The one-man civil rights march, which was started by James Meredith on June 5.20 miles south of Memphis, ended in Jackson, the capital of Mississippi on Sunday (26 June) with about 15,000 marchers.
JACKSON, MISSISSIPPI, USA
Meredith in Pith helmet, on right
Riding shot, sign - "Welcome to Jackson"
Children sitting on car wave confederate flags
Riding shot, people watching
White people with large confederate flags
Rear shot, march; capitol in background
Riding shot, police lined up on lawn
Group of marchers in front of capitol
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Background: The one-man civil rights march, which was started by James Meredith on June 5.20 miles south of Memphis, ended in Jackson, the capital of Mississippi on Sunday (26 June) with about 15,000 marchers. There were no outbreaks of violence. Mr. Meredith, who was shot on the second day of his march, led the parade of civil rights workers to the State House grounds.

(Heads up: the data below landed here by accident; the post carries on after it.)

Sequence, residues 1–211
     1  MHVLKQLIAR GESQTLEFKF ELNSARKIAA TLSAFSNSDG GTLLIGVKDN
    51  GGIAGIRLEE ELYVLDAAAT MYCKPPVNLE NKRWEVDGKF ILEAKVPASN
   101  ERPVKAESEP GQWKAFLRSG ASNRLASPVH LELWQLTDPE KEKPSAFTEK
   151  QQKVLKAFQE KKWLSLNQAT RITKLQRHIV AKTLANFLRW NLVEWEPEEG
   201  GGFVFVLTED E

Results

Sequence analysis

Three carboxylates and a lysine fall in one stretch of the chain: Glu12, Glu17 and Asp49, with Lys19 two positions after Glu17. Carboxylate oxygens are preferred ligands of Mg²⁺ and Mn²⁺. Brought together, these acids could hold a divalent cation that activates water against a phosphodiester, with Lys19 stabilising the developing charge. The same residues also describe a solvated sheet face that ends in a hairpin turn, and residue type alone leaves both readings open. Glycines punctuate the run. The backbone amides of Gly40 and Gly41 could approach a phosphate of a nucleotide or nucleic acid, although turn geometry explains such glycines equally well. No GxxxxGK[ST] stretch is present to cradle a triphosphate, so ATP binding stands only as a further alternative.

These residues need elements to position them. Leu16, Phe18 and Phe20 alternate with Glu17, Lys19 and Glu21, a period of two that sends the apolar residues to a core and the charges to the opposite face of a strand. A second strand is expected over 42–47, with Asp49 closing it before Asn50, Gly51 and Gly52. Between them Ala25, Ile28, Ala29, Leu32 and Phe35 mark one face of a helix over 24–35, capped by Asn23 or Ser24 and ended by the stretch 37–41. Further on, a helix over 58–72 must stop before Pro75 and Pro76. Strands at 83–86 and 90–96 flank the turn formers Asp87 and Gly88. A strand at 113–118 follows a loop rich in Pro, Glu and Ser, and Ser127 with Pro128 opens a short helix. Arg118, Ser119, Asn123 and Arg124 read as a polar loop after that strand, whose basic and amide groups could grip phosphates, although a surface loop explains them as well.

The last day of the march started slowly from Tougaloo College, which is eight miles from Jackson, but picked up momentum when they entered the city. Thousands of Mississippi negroes flocked into the parade columns from street corners, churches and lawns.
Along the route were clusters of white youths with confederate flags, but state police kept them under control.
As the marchers came closer to the State House, more state police and national guardsmen were in evidence; the State House was ringed by helmeted policemen carrying tear gas and riot guns.
A civil rights rally was held on the grounds of the State House. James Meredith, who was the featured speaker, received the loudest and longest applause. He called for an end to factionalism among the numerous civil rights groups.